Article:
OUTSIDE THE OVAL
BIGGER IN TEXAS: Another candidate has jumped into the Democratic primary in Texas to challenge incumbent Republican Sen. John Cornyn. State Sen. Royce West, who has served in the Texas Capitol since 1993, officially launched his campaign on Monday, reports CBS News associate producer Ellee Watson. West's candidacy follows those of former Air Force pilot and former House candidate MJ Hegar as well as Houston City Councilwoman Amanda Edwards. The Democratic Senatorial Campaign Committee has not endorsed a candidate, and the Texas Democratic Party remains neutral in primaries but released statements lauding all three candidates. The three contenders will have to boost their fundraising to contend with Cornyn in the general election. Cornyn, who has been in the Senate since 2002, has over $9 million cash on hand compared to Hegar's $4.6 million. Hegar was the only one out of those three Democratic candidates who announced early enough to require a second quarter filing.
IN THE HOUSE: With 50 days left until the special election in North Carolina 9th Congressional District, an internal poll by Democrat Dan McCready's campaign shows him and Republican candidate Dan Bishop tied among likely North Carolina voters. Democratic firm ALG Research released a memo Monday that had McCready and Bishop at 46%, with 8% of voters in the 450-person survey undecided. McCready's camp says the tie is a good sign, and communications director Matt Fried told CBS News Political Unit broadcast associate Aaron Navarro they are anticipating a one-point election one way or another.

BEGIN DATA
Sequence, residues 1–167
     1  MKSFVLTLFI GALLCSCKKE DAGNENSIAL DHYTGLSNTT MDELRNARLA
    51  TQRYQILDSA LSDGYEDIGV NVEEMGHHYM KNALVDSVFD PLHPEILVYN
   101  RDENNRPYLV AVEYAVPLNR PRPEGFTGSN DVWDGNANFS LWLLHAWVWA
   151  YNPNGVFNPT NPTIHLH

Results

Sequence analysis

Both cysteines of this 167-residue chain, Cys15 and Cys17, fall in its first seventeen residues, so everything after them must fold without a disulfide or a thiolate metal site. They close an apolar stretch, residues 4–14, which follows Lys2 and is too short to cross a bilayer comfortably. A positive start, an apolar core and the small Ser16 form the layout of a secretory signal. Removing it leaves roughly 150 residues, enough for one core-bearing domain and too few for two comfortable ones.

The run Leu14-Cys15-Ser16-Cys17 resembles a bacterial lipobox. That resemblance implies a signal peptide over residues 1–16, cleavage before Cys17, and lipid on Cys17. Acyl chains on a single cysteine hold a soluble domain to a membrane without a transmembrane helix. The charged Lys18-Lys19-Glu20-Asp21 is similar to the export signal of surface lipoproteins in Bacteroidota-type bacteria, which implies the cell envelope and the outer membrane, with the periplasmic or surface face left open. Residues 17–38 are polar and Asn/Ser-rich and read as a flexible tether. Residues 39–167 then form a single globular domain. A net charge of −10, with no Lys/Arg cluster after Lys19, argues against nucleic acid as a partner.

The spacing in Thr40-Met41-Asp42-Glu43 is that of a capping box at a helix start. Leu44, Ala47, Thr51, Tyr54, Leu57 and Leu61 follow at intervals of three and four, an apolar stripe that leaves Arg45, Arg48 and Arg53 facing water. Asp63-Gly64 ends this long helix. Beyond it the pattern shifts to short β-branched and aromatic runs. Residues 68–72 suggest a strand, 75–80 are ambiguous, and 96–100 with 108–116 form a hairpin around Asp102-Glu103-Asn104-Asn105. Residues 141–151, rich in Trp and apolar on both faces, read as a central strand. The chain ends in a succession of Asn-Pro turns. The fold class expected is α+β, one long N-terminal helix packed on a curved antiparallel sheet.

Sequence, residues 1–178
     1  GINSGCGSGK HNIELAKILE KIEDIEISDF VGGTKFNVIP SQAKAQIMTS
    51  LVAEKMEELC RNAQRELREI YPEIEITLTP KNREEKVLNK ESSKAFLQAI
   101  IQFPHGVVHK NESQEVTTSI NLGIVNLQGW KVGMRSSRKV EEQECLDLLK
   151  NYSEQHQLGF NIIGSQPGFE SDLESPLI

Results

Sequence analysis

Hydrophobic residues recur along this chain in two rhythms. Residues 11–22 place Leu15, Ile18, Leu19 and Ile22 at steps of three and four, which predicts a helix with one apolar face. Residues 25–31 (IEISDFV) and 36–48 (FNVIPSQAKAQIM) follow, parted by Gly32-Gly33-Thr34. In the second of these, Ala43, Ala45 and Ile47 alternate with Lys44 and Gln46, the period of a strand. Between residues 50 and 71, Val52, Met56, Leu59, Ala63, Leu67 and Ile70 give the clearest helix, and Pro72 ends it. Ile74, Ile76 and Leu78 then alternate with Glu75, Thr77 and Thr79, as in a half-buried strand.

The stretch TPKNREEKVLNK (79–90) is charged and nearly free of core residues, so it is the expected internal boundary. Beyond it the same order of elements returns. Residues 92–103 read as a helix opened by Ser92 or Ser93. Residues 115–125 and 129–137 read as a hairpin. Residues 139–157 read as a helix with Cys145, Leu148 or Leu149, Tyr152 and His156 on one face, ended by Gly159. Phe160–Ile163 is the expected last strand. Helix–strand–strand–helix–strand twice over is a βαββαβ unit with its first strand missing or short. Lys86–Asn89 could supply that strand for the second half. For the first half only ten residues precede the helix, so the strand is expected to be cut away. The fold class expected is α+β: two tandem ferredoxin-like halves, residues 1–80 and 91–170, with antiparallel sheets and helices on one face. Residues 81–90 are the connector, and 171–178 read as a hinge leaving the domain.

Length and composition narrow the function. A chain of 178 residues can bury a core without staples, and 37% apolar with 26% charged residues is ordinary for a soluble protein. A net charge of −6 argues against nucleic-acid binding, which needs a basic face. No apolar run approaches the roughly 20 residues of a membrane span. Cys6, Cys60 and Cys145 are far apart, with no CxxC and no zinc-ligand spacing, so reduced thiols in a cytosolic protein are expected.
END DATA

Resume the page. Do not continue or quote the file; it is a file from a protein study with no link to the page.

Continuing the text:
"Today's poll reflects that, despite everything that's happened between then and now, people know how important this choice is between a Marine, small business owner in Dan McCready and his opponent, a career politician," Fried said.
The district's seat has been historically red since 1963 and the ALG poll did find that on a generic ballot, Republicans have a 9-point advantage. Bishop, a North Carolina state senator, won the Republican special primary in May, an election that was the result of a ballot fraud investigation in 2018.
In other House news, the FEC reports for June came out this weekend and the Democratic Congressional Campaign Committee had a $3.5 million fundraising advantage in the month, netting $12.5 million compared to the National Republican Congressional Committee's $9 million. The committees are only required to submit monthly reports but through a Q2 lens — April to June — the DCCC out fundraised the NRCC by about $10 million, $29.2 million to the NRCC's $19.4 million. When it comes to cash on hand, the NRCC does have a slight advantage, reporting $25.6 million to the DCCC's $25.4 million.
GOVERNOR RACES: A source with the Republican Governors Association confirmed that former White House press secretary Sarah Huckabee Sanders attended a RGA retreat in Aspen on Sunday, reports Navarro. The two-day retreat is one of four RGA events this year where governors, donors and sometimes gubernatorial candidates meet, which only adds to the speculation about Sanders running for governor of Arkansas in 2022. A Republican source told CBS White House producer Fin Gomez that Sanders received a lot of support and encouragement to run from Republican governors and donors at the event, though there won't be a decision on running for at least two years.